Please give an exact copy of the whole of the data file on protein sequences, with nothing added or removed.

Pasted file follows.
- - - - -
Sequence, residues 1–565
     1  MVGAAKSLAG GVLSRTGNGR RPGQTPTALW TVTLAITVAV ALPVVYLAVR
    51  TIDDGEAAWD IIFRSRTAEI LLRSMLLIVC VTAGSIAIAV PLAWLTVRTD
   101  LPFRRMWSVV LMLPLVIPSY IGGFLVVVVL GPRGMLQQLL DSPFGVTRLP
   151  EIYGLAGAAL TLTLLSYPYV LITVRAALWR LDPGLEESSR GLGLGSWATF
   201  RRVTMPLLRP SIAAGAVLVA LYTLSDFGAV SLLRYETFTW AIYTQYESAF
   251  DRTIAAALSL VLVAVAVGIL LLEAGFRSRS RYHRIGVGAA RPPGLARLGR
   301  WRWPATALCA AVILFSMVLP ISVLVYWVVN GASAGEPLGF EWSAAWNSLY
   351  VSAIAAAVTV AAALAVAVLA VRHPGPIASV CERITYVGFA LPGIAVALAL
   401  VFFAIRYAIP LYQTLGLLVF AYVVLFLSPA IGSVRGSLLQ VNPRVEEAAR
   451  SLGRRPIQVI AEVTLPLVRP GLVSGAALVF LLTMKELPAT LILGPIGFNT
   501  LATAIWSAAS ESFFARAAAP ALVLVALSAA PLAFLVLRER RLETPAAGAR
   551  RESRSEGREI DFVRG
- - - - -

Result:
Sequence, residues 1–565
     1  MVGAAKSLAG GVLSRTGNGR RPGQTPTALW TVTLAITVAV ALPVVYLAVR
    51  TIDDGEAAWD IIFRSRTAEI LLRSMLLIVC VTAGSIAIAV PLAWLTVRTD
   101  LPFRRMWSVV LMLPLVIPSY IGGFLVVVVL GPRGMLQQLL DSPFGVTRLP
   151  EIYGLAGAAL TLTLLSYPYV LITVRAALWR LDPGLEESSR GLGLGSWATF
   201  RRVTMPLLRP SIAAGAVLVA LYTLSDFGAV SLLRYETFTW AIYTQYESAF
   251  DRTIAAALSL VLVAVAVGIL LLEAGFRSRS RYHRIGVGAA RPPGLARLGR
   301  WRWPATALCA AVILFSMVLP ISVLVYWVVN GASAGEPLGF EWSAAWNSLY
   351  VSAIAAAVTV AAALAVAVLA VRHPGPIASV CERITYVGFA LPGIAVALAL
   401  VFFAIRYAIP LYQTLGLLVF AYVVLFLSPA IGSVRGSLLQ VNPRVEEAAR
   451  SLGRRPIQVI AEVTLPLVRP GLVSGAALVF LLTMKELPAT LILGPIGFNT
   501  LATAIWSAAS ESFFARAAAP ALVLVALSAA PLAFLVLRER RLETPAAGAR
   551  RESRSEGREI DFVRG